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PrefaceWhat This Book Is AboutThis book is about security metrics: how to quantify, classify, and measure information security operations in modern enterprise environments.How This Book Came to BeEvery consultant worth his or her weight in receipts accumulates a small trove of metaphors, analogies, and witty expressions. These help explain or clarify those rarified things that consultants do and tend to lubricate the consulting process. Oh, and they also tend to be funny. One of my favorite bits—particularly relevant to the topic at hand—is this one:No good deed goes unpunished.This simply means that with any worthwhile endeavor comes many unwitting (and often unwanted) consequences. So it is with the world of "security metrics." As you will see in the story I am about to tell you, my steadfast belief that security metrics ought to be a very! serious! field of study! has brought with it its own punishment.Several years ago, several colleagues and I undertook a series of elaborate empirical studies on the subject of application security. We rigorously gathered and cleansed far-flung source material, aggregated and analyzed the resulting data, built an exotic mathematical model, and wrote a short research paper on the subject, complete with eye-catching charts and graphs. It was well received by customers and media alike. Some time later I was asked to present a condensed version of our findings on an Internet webcast run by an industry trade publication. In this case "webcast" meant a PowerPoint presentation accompanied by previously taped narration. The audience, as pitched to me by the sponsor, was to include "CSOs, technologists, and decision-makers."That sounded great; I relished the opportunity to impress the bejeezus out of the vast numbers of grand globetrotters promised by the publication. In addition, my Inner Academic had high hopes that many in the audience would send me e-mails and letters marveling at the analytical techniques we used, the breadth of the data, and the many keen insights contained in the narrative and text. How wrong I was. Instead of measured praise from academe, I received several e-mails that went something like this:"Great presentation, but I was hoping to see more 'return on investment' numbers. You see, I really need to convince my boss to help me buy widget ______ (fill in the blank)."And then there were the slightly more disturbing comments, like this one:"We have no money for our security program! Oh, woe is me! What I really need is more ROI! Help me!"I confess to embroidering the truth a tiny bit here; the second e-mail I received was not nearly so plaintive. But the theme was clear: viewers assumed that because the webcast was about "security metrics," it must be about ROI. Our marvelous metrics were the good deed; their unfulfilled expectations were the punishment.Goals of This BookMercifully, the "security ROI" fad has gone the way of the Macarena. But to be absolutely sure that your expectations are managed (more consultantspeak for you), here is what this book is about, and what it is not about.The primary objective of this book is to quantitatively analyze digital security activities. The chapters suggest ways of using numbers to illuminate an organization's security activities:Measuring security: Putting numbers around activities that have traditionally been considered difficult to measureAnalyzing data: What kinds of sources of security data exist, and how you can put them to work for youTelling a story: Techniques you can use to marshal empirical evidence into a coherent set of messagesThe need for a book like this seems plain to me. Security is one of the few areas of management that does not possess a well-understood canon of techniques for measurement. In logistics, for example, metrics such as "freight cost per mile" and "inventory warehouse turns" help operators understand how efficiently trucking fleets and warehouses run. In finance, "value at risk" techniques calculate the amount of money a firm could lose on a given day based on historical pricing volatilities. By contrast, security has . . . exactly nothing. No consensus on key indicators for security exists.The lack of consensus on security metrics is, in part, due to the fact that the culture surrounding security is largely one of shame. Firms that get hacked tend not to talk about security incidents in public. Likewise, firms that are doing the right things tend not to talk either, lest giant red bull's-eyes appear on their firewalls' flanks. When they do talk, it is typically under NDA, or at small gatherings of like-minded people. Therefore, this book, as a secondary objective, documents effective practices of firms that take the responsibility of measuring their security activities seriously.Non-goals of This BookThis book is first and foremost about quantifying security activities. It identifies ways to measure security processes that many enterprises consider important. The metrics and analysis techniques I document here are partly of my own devising but are drawn primarily from examples collected over the course of consulting in the software, aerospace, and financial services industries. I have met and exchanged notes with many people who have started their own metrics programs and are passionate about security metrics. At a minimum, I hope you will regard this book as a useful synthesis of current security measurement practices.The word "practices" in that last sentence is important. I chose it carefully because of the implicit contrast with an opposing word: theory. In this book you will find plenty of anecdotes, lists of metrics, and ways of measuring security activities. But I have devoted only a small part of the text to modeling security risks—that is, figuring out which threats and risks are the right ones to worry about. Risk assessment is a broad field with many schools of thought. Smart people have spent many megawatts of brainpower modeling threats, modeling the effectiveness of security countermeasures, and simulating perimeter defenses.The first non-goal of this book, therefore, is enterprise risk modeling and assessment. This is an important endeavor that every enterprise must undertake, but specific techniques are beyond the scope of this book. Risk assessment is an organization-specific activity, and I did not want to spend half of my pages disclaiming things because "it depends on what risks your organization feels are the most important." Moreover, I did not wish to add to what is already an exceptionally rich canon of works devoted to the subject of risk modeling and assessment.To this rather significant and somber-sounding non-goal I would like to add three more. The dearth of generally accepted security metrics often means that unscrupulous vendors manufacture blood-curdling statistics in a vacuum, devoid of context and designed to scare. Middle managers with agendas promptly recycle these metrics for their own purposes. Therefore, this book also is not about the following:Budget justification: How to convince your boss to spend money on security. If your company has not yet figured out that it needs to spend money on security, it likely has deeper problems than just a lack of statistics.Fear, uncertainty, and doubt (FUD): How to abuse or misrepresent data for the purpose of manufacturing security scare stories. I derive no pleasure from this, and it makes me feel cheap and dirty.Funny money: Any and all topics relating to "return on security investment." In addition to its dubious merit as a measure of security effectiveness, ROSI (as it is sometimes called) is a needless distraction from empirical security measurement.Of course, because no good deed goes unpunished, it is entirely likely that this book will be used for those purposes regardless. But that, as a student of security analysis might say, is a risk worth taking.AudienceI wrote this book for two distinct audiences: security practitioners and the bosses they report to. Practitioners need to know how, what, and when to measure. Their bosses need to know what to expect. Not for nothing has the security domain resisted measurement. As the bedraggled security manager of a household-name financial services firm recently told me, "My boss doesn't understand what I do every day. All he understands are numbers." Bridging the yawning gap between practitioners and management is what this book aims to achieve.Overview of ContentsThis book is divided into eight chapters:Chapter 1, "Introduction: Escaping the Hamster Wheel of Pain": The state of security metrics today eerily resembles a hamster wheel that spins continuously around an axis of vulnerability discovery and elimination. Thinking about security as a circular, zero-sum game cripples our ability to think clearly. This introductory chapter advocates replacing the hamster wheel with key indicators—metrics—that measure the efficiency of key security activities.Chapter 2, "Defining Security Metrics": This chapter describes the philosophy behind metrics, describes business pressures driving their adoption, suggests criteria for evaluating "good metrics," and warns against red herrings and other "bad metrics."Chapter 3, "Diagnosing Problems and Measuring Technical Security": Leading firms measure security activities differently, depending on need and context. This chapter catalogs the types of measurements that firms use to diagnose security problems. These include practical metrics for such topics as coverage and control, vulnerability management password quality, patch latency, benchmark scoring, and business-adjusted risk.Chapter 4, "Measuring Program Effectiveness": Beyond purely technical security measures, organizations need methods for measuring strategic security activities, for tracking security acquisition and implementation efforts, and for measuring the ongoing effectiveness of security organizations. This chapter catalogs dozens of program-level metrics, using the COBIT framework as an organizing principle.Chapter 5, "Analysis Techniques": To create metrics, analysts must transform raw security data into numbers that provide richer insights. This chapter describes essential techniques for arranging, aggregating, and analyzing data to bring out the "headlines." It also describes advanced analytical techniques such as cross-sectional and quartile analyses.Chapter 6, "Visualization": Even the most compelling data is worthless without an effective way of presenting it. This chapter presents a myriad of visualization techniques, ranging from simple tables to two-by-two grids and intricate "small multiple" charts.Chapter 7, "Automating Metrics Calculations": Most organizations have plenty of security data available to them, although it is often trapped inside proprietary tools and information islands. This chapter suggests likely sources for finding appropriate data, including firewall logs, antivirus logs, and third-party auditor reports. It also describes techniques for transforming acquired data into formats that lend themselves to aggregation and reporting.Chapter 8, "Designing Security Scorecards": After an organization collects and analyzes its security metrics, only one step remains: creating a scorecard that pulls everything together. This chapter presents several alternative approaches for designing security "balanced scorecards" that present compact, holistic views of organizational security effectiveness.In addition to these topics, this book contains a generous sprinkling of anecdotes and war stories from my personal experiences, as well as those of my interview subjects.Thank you for purchasing this book. I hope you enjoy reading it as much as I have enjoyed writing it.© Copyright Pearson Education. All rights reserved.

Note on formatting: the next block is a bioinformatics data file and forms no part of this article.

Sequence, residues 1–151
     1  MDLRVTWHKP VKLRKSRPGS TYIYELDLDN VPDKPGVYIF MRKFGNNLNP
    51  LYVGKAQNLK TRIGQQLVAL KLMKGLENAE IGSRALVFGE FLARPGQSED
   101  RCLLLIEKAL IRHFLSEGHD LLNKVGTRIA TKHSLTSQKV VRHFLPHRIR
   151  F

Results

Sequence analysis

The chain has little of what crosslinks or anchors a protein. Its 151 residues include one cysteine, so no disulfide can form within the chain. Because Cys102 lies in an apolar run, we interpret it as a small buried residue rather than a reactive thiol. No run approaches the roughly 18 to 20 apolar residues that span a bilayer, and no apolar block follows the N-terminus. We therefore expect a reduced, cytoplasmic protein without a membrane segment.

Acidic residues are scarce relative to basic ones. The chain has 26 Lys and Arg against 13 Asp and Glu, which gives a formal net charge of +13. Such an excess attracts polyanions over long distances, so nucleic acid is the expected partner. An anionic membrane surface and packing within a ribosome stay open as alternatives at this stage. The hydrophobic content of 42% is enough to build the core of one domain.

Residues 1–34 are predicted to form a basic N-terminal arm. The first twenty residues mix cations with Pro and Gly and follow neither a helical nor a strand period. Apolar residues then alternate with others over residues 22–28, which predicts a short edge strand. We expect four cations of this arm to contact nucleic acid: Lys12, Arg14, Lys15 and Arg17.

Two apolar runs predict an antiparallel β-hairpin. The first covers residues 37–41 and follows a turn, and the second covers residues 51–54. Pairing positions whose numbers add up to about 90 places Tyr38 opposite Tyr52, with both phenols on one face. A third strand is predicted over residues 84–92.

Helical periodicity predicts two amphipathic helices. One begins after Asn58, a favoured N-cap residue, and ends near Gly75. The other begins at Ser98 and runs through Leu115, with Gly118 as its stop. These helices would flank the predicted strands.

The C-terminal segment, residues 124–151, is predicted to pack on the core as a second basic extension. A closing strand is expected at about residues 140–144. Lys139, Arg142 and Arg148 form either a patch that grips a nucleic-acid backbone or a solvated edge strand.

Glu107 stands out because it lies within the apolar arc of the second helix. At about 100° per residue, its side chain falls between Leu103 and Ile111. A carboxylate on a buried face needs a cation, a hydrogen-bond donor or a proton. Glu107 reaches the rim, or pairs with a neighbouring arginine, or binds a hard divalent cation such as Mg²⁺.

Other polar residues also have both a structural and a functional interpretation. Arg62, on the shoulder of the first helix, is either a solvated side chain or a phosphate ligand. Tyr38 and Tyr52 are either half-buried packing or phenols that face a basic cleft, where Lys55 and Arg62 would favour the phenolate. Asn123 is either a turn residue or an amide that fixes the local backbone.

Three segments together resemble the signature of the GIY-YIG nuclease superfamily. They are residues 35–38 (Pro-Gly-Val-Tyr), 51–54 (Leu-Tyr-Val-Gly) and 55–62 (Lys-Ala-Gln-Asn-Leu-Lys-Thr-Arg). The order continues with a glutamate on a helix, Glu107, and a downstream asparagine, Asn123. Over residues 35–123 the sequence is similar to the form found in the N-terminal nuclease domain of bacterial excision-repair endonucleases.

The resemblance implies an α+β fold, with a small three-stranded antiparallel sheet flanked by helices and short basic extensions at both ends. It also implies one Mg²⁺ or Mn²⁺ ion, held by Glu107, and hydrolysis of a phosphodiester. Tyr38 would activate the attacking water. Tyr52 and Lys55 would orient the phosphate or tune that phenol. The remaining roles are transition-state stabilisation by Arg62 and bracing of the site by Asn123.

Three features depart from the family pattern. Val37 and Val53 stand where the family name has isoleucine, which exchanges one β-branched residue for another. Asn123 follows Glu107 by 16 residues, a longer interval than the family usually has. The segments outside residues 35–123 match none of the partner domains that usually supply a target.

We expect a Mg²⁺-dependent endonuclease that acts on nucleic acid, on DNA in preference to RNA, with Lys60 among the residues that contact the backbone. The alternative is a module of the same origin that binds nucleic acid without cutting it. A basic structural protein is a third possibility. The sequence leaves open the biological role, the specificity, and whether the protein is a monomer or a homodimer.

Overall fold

Table of Contents



Preface.


Introduction.

LIFE STORIES.

 1.Oliver Queen, Blake Academy and the Green Arrow.

 2.Lynn Pelkey, In the LD Bubble.

 3.Aaron Piziali, Revolution.

 4.Christie Jackson, Look in the Mirror and See What I See.

 5.Michael Sanders, Trusting My Strengths.

 6.Gretchen O'Connor, Bad.

 7.Joshua Green, ADHD: Window, Weapon, or Support.

 8.Velvet Cunningham, Lovelvet.

 9.Garett Day, Finally Saying What I Mean.

10.Kevin Marshall, Jr., I Will Not Succumb to Obstacles.

11.Kelly Miskell, Learning to Raise My Hand.

12.Nelson Vee, Riding the Drug and Alcohol Train.

13.Alison May, Figuring out My World.

SCHOLARLY PERSPECTIVES.

Education.

14.Lisa Delpit, “Skin-Deep” Learning.15.Carol S. Witherell and Pano Rodis, “Shimmers of Delight and Intellect”: Building Learning Communities of Promise and Possibility.16.Harold McGrady, Janet Lerner, and Mary Lynn Boscardin, The Educational Lives of Students with Learning Disabilities.
Psychology.

17.Robert Kegan, Easing a World of Pain: Learning Disabilities and the Psychology of Self-Understanding.18.Pano Rodis, Forging Identities, Tackling Problems, and Arguing with Culture: Psychotherapy with Persons Who Have Learning Disabilities.Appendix: Resource List for Persons with Learning Disabilities.Glossary.Bibliography.About the Editors and Contributors.Index.

Editorial Reviews

"Learning Disabilities and Life Stories brings important new perspectives to the study of learning disabilities — those of people living with them. Their poignant and informative narratives combined with the scholarly and timely works of the authors makes this a must read for anyone who works with people challenged by these difficulties who wishes to be both empathetic and effective." —By Mark Ciocca, Ph. D, ABPP, Capital Valley Counseling Associates, Past President of the New Hampshire Psychological Association